Admission is free. Reservations required. RSVP beginning Monday, September 24, at 9 a.m.
“The most important thing we can do is change . . . the way we’re talking about climate change. It’s not a left liberal partisan environmental problem. It’s a human issue, it’s a human crisis. It involves and connects every person on this planet.”—Xiuhtezcatl Martinez in Rolling Stone
Join us for an evening with Xiuhtezcatl Martinez, an eighteen-year-old indigenous climate activist, hip hop artist, and voice from the front lines of a global youth-led environmental movement. Currently the youth director of Earth Guardians, Martinez has been advocating for the environment since he was six years old. He is the winner of a United States Community Service Award from President Obama, the Peace First Prize, the Nickelodeon Halo Award, the Captain Planet Award, and the Children’s Climate Prize Award, and was the youngest of 24 national change-makers chosen to serve on President Obama’s youth council. In conjunction with the USC Fisher Museum exhibition Earthworks: Mapping the Anthropocene, Martinez will perform activist hip hop with his sister, Isa Roske; speak about his experiences as a youth activist, from winning moratoriums on fracking in his home state of Colorado to addressing the UN General Assembly; and talk with USC professor Manuel Pastor about global youth movements to—quite literally—save the world.
Xiuhtezcatl Martinez is an eighteen-year-old indigenous climate activist, hip hop artist, and voice from the front lines of a global youth-led environmental movement. He has spoken up for the environment from the Rio+20 summit on sustainable development to the UN General Assembly. He has worked locally to get pesticides out of parks, contain coal ash, and place moratoriums on fracking in his home state of Colorado, and he is a lead plaintiff in a youth-led lawsuit against the federal government for failing to protect the environment for future generations. In 2017, he released an album called Break Free and published his first book, We Rise: The Earth Guardians Guide to Building a Movement That Restores the Planet. (Official website, Facebook, Instagram, TEDx Talk, Twitter, YouTube)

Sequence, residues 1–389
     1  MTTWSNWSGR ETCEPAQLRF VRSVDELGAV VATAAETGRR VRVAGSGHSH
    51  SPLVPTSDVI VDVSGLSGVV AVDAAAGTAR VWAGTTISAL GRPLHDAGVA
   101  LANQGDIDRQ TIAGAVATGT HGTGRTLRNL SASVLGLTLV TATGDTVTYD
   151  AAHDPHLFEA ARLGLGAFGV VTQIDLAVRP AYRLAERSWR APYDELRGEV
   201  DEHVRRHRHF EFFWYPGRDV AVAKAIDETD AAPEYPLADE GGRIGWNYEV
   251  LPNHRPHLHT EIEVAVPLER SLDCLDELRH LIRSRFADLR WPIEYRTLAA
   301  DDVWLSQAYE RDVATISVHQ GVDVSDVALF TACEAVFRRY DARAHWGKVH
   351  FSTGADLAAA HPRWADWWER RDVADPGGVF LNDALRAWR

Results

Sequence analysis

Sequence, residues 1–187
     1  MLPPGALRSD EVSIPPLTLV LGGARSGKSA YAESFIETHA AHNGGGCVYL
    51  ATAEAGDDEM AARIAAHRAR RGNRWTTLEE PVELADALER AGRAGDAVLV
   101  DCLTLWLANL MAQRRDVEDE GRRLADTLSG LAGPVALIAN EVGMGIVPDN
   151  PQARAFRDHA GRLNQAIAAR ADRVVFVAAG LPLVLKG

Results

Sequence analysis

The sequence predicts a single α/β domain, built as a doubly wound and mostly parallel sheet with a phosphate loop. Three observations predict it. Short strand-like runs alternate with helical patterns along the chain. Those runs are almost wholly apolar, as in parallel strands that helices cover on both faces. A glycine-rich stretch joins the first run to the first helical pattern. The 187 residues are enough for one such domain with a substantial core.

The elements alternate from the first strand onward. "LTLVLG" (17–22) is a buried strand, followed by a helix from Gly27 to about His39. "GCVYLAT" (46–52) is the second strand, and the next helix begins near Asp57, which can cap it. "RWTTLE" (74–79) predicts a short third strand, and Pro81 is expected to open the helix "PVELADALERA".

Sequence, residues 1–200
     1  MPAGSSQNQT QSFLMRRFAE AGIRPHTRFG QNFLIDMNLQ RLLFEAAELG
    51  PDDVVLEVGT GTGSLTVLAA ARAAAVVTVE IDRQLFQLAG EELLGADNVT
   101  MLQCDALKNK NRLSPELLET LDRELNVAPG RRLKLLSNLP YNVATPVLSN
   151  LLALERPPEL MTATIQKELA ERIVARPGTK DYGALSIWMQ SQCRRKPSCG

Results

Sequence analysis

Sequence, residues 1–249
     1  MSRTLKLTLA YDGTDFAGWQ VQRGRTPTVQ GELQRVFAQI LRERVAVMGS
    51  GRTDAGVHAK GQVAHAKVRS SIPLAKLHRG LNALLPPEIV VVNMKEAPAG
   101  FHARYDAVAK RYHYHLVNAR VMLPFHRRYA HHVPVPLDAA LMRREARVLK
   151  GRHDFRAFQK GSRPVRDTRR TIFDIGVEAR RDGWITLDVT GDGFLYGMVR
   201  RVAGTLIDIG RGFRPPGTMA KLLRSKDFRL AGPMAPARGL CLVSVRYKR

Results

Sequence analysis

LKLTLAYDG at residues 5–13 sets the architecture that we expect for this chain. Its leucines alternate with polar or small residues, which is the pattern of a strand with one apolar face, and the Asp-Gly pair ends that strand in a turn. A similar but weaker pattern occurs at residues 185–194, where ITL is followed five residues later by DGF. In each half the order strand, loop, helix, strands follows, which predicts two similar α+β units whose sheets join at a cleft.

Manuel Pastor is a professor of sociology and American studies and ethnicity at USC. He directs the USC Program for Environmental and Regional Equity (PERE) and the USC Center for the Study of Immigrant Integration (CSII) and is the inaugural holder of the Turpanjian Chair in Civil Society and Social Change at USC. Recognized for his work at the intersection of the academy and activism, he received the Wally Marks Changemaker of the Year Award from the Liberty Hill Foundation for his many research partnerships with social justice organizations. (State of Resistance, Twitter)
Isa Roske is a musician, activist, and Xiuhtezcatl Martinez’s sister. She is driven by her belief in music’s deeply transformative and unifying power to bring people together beyond the perceived differences we let divide us, and her music is informed by the work she has done as an activist with Earth Guardians. She has sung with the Isa and JoeAlan band, and has shared the stage with artists including Nahko Bear and Michael Franti.
Vice: “The 15-Year-Old Environmental Activist Suing the Government over Climate Change” (Video)
Xiuhtezcatl at the United Nations General Assembly on Climate Change (Video)
Xiuhtezcatl Martinez and Isa Roske perform with Jasi Sikora (Video)
Presented by USC Visions and Voices: The Arts and Humanities Initiative. Organized by the USC Fisher Museum of Art. Co-sponsored by USC El Centro Chicano and USC Environmental Student Assembly.